The Looming Danger Of The Lame Duck

Neil Siefring Vice President, Hilltop Advocacy
Font Size:

The buzz around Capitol Hill these days is whether the House will pass a budget, and if Congress will be able to pass individual spending measures, known as appropriations bills. These discussions are important, but as spring announces its arrival, it is already time to think about the fall. That is because Republican congressional leadership may be using the sunlight of springtime to plan for moving bad spending bills in the darkness of winter. For after Election Day in November, Congress will be able to hold a lame duck session. That is a looming danger for our republic.

The origins of the phrase lame duck can be traced back to 1863. It refers to incumbent members of the House and Senate after a House or Senate election who remain in office until the end of that session of Congress. If either chamber meets after the election, these lawmakers are in a low accountability situation. They have either been defeated and are headed home, or have been re-elected and won’t face the voters again for some time. In a lame duck session, the House and the Senate, if they have the will, can act with virtual impunity. They can act quickly, with truncated debate, and little public input.

Since 1940, Congress has held 20 lame duck sessions, some of which were pro forma, lasting only a short time with no major legislative action. Many more were substantive sessions of Congress, where legislators approved rent control extensions, an environmental measure, housing legislation, trade reform legislation, a pay raise for House members, articles of impeachment in the House against President Clinton, establishing a new cabinet-level department (the Department of Homeland Security), trade deals, a House-passed auto industry bailout, a food safety bill, a defense bill, an intelligence bill, and appropriations.

Congress is currently deadlocked on many important issues, which is as the Founders intended. They created an elegant system of checks and balances to make it difficult for the federal government to take action on the very narrow range of responsibilities assigned to it by the Constitution. Congress also has a very limited supply of courage available to make the choices necessary to restore our country’s fiscal health, substantially roll back federal encroachment on issues the Constitution reserves to the states, and cut spending. Thus, conditions are ripe for a lame duck session where Congress could take action on spending bills that will promote a big government agenda at what lawmakers will perceive to be at minimal or no political cost to congressional leadership.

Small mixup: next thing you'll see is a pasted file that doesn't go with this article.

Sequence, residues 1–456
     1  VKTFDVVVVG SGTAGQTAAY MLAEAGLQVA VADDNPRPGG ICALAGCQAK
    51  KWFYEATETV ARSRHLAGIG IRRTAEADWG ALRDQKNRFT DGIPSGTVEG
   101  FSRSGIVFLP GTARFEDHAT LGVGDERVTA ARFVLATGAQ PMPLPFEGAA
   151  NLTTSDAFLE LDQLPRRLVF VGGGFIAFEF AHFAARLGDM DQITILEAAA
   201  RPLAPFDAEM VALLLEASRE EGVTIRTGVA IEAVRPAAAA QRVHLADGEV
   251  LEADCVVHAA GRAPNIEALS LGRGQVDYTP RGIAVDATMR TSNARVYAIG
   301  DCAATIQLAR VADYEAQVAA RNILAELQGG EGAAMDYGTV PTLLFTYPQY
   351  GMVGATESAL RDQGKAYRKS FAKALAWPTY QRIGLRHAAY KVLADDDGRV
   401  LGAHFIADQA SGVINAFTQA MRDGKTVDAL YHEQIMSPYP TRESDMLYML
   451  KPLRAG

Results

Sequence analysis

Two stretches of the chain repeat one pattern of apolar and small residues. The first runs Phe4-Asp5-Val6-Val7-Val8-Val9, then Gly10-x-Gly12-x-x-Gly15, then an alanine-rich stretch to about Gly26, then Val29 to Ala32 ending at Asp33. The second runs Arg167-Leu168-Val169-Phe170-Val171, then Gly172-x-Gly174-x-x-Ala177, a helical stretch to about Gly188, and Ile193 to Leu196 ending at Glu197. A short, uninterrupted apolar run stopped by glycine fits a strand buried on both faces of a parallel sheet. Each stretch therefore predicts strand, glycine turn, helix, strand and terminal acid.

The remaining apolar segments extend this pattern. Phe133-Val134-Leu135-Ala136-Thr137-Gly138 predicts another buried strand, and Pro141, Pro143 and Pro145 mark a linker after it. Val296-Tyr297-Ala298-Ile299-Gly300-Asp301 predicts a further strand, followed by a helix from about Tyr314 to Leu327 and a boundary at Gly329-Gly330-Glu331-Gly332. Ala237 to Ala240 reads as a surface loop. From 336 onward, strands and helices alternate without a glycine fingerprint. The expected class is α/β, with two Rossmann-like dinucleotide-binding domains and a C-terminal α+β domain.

House Republican leadership is drifting toward a lame duck because they are promoting an irresponsible top line budget number of $1.07 trillion dollars. That level of spending will harm our national security and weaken us at home. President Obama, Speaker Boehner, and Majority Leader McConnell agreed to this dangerously high level of spending last year. Speaker Ryan is for supportive of it, for now.

Many conservatives, including members of the House Freedom Caucus, are fighting to keep the previous, lower top line budget number of $1.04 trillion. While still too high, this number would at least not give up ground to the Democrat and Republican congressional leadership’s budget busting math. It would show that Congress is serious about restoring balance to federal spending.

Which brings us to a lame duck. Congress will find it difficult to consider and pass each of the 12 spending bills absent a budget. Even if the House can pass its bills, Senate Republicans won’t want to upset Minority Leader Harry Reid by trying to move them. So before the fiscal year ends on September 30, Congress will likely pass a continuing resolution to maintain spending at current levels until after the election. Then Congress could come back into session, and pass all spending bills in one giant package called an omnibus.

That bill will be a fiscal mess, filled with goodies for lawmakers, bad accounting, and record levels of spending. We know that because, “[d]uring the 31-year period covering FY1986-FY2016, 22 different omnibus measures were enacted for 19 different fiscal years.” Those bill were largely horrible. The way to avoid this is two-fold: have the lowest possible budget number at $1.04 trillion, and commit not to exceed it in spending bills before or during a lame duck session of Congress this year.

The currency used most frequently by the Republican Congress should be that of courage, not taxpayer dollars. By keeping to a responsible, low budget number, Republicans can show that they are serious about governing again after sleepwalking through the challenges of the last several years. Claiming success for just growing the government a little less than Democrats would like is a hollow and uninspiring victory. Republicans should act boldly again. The times, and our fiscal distress, demand it.

Neil Siefring is director of strategic initiatives for FreedomWorks. His views are his own. Follow him on Twitter @NeilSiefring.